Rise Up, SAF Yeast!

loaf of brdI’m nothing if not curious and tight-fisted.

For a couple of years at the start of my cooking career, I made mediocre bread from Mollie Katzen’s book, The Enchanted Broccoli Forest. It starts with a sponge, which is a mixture of yeast, water and flour that bubbles into a puffy foam. Then you mix that puffy foam with 1 cup of liquid and 3 cups of flour and the other ingredients, like flour, sugar, eggs or butter and it puffs up the whole mixture.

    Sponge is an old-world way to bake, and presumes you’re skimping on yeast. It just takes a little yeast, less than a spoonful, to make a sponge. The yeast cells multiply in the flour-water mixture, creating more yeast and a greater volume. You can save a little of the sponge from one baking session to another so you always have yeast on hand. Bread was raised that way for hundreds of years until someone figured out how to make active dry yeast.

Unfortunately, it makes dry bread. To me, anyway. Since I didn’t know there was a way to fix that problem, I just kept making dry bread. After all, that’s what butter and cheese are for — making dry bread edible. Katzen came through town on a tour to promote the 20th anniversary of the Moosewood Cookbook, I told  her about my dry results. She said I wasn’t the first person to tell her that.

    • Looking back, it’s possible that any number of other things were going wrong — sorry Mollie! — but when I switched cookbooks, the breads undeniably turned out better.  The

Joy of Cooking

    •  has good basic bread recipes, and James Beard’s bread recipes are just about my favorite. When I want to make something Southern or colonial, I use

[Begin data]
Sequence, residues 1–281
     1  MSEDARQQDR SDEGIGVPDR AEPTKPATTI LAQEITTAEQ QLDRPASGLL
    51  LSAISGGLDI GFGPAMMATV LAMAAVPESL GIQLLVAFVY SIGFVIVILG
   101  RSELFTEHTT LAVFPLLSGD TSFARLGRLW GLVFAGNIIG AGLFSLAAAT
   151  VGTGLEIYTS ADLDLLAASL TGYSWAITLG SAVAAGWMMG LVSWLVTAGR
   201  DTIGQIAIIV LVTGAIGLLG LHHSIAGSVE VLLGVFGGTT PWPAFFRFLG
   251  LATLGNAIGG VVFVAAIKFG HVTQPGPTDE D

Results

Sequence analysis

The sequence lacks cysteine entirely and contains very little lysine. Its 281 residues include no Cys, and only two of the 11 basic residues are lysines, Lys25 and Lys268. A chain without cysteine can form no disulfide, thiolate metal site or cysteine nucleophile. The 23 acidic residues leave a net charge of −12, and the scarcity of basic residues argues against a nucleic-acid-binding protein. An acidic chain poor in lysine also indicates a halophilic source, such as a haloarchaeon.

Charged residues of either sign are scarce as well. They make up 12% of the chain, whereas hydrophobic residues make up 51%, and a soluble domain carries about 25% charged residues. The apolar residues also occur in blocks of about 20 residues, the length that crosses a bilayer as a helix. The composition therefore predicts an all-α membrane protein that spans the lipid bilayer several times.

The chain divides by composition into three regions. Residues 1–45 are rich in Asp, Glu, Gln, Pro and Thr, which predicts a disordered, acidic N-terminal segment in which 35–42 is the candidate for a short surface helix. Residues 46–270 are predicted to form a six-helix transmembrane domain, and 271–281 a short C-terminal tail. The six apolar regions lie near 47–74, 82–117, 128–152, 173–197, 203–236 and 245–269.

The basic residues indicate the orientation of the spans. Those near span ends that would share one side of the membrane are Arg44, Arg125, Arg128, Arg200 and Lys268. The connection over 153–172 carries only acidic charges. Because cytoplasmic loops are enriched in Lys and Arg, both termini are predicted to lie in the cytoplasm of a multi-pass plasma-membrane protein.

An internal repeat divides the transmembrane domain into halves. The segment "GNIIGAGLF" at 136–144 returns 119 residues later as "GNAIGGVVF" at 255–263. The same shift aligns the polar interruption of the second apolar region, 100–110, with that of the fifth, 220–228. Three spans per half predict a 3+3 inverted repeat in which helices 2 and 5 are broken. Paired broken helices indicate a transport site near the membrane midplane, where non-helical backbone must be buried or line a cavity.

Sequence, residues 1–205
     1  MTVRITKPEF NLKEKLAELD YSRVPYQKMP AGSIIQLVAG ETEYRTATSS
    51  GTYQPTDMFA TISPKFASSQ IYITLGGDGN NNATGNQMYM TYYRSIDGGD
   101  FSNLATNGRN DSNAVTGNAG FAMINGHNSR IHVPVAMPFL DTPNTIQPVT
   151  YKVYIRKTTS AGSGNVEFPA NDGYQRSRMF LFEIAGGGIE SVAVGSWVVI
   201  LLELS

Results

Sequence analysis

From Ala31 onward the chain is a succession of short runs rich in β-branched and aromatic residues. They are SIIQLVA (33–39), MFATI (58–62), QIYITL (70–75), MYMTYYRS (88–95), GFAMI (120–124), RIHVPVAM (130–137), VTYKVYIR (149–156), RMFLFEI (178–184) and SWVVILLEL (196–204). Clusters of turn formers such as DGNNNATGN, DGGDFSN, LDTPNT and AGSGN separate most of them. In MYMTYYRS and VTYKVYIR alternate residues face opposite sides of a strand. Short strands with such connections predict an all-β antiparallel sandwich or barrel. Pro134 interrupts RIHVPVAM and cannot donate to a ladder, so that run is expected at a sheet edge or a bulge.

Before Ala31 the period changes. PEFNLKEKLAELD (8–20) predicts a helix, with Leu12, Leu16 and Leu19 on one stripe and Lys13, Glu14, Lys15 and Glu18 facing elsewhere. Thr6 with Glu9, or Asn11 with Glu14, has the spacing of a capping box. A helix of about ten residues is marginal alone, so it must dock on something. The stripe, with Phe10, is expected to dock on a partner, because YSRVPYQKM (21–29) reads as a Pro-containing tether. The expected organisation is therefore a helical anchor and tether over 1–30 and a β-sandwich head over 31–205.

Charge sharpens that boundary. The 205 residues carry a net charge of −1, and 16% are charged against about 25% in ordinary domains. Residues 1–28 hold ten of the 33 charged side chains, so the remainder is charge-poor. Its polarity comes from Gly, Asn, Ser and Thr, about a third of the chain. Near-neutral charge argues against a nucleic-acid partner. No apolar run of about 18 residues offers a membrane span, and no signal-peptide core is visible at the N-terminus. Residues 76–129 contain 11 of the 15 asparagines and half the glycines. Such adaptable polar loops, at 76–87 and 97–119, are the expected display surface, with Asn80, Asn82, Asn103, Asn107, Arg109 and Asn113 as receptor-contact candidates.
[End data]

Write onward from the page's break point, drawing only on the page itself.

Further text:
Bill Neal’s

Biscuits, Spoonbread and Sweet Potato Pie

It’s the book I used for making the anadama bread.

The English muffins were made from Beatrice Ojakangas’s Great Whole Grain Breads, about which I’ve gushed many times. Nearly every recipe in it gives great results, which is really kind of a feat, since she’s working with dozens of cultures and dozens of different flours, bread shapes, rising and baking techniques.The book has been in and out of print twice, and is now back in print. If you’ve ever published a book, you knowhow easy it is to get lost in the crowd, and how good the book has to be to get back into print, twice.

    But I digress. Some time between the anadama bread and the English muffins, the kilo bag of SAF Instant yeast sort of lost its fizz. I never pay attention to expiration dates, especially on yeast. Because archaeologists, like, find yeast in the pharoahs’ tombs that can still be used to make beer. So I didn’t hesitate to buy the kilo of yeast in mid-2006. I really like SAFG yeast — it powers dough mightily upward, smells better than other yeasts and gives that nice smell to the bread.

Then the amount of baking in my house slowed greatly for work and dietary reasons.

    When I cracked open the yeast again for English muffins in the fall of 2008, Inoticed that most of it didn’t “bloom” in warm water. So I tried again, using warmer water and setting the bowl on a warm stove. A little more bloomed. But then the dough didn’t rise well — after 3 hours it still hadn’t doubled. I used it for English muffins, so that worked well.

stacked Eng muffns

But I’m still left with about a pound of lame yeast. WTF? What to do with lame yeast? Anyone else ever have this problem?

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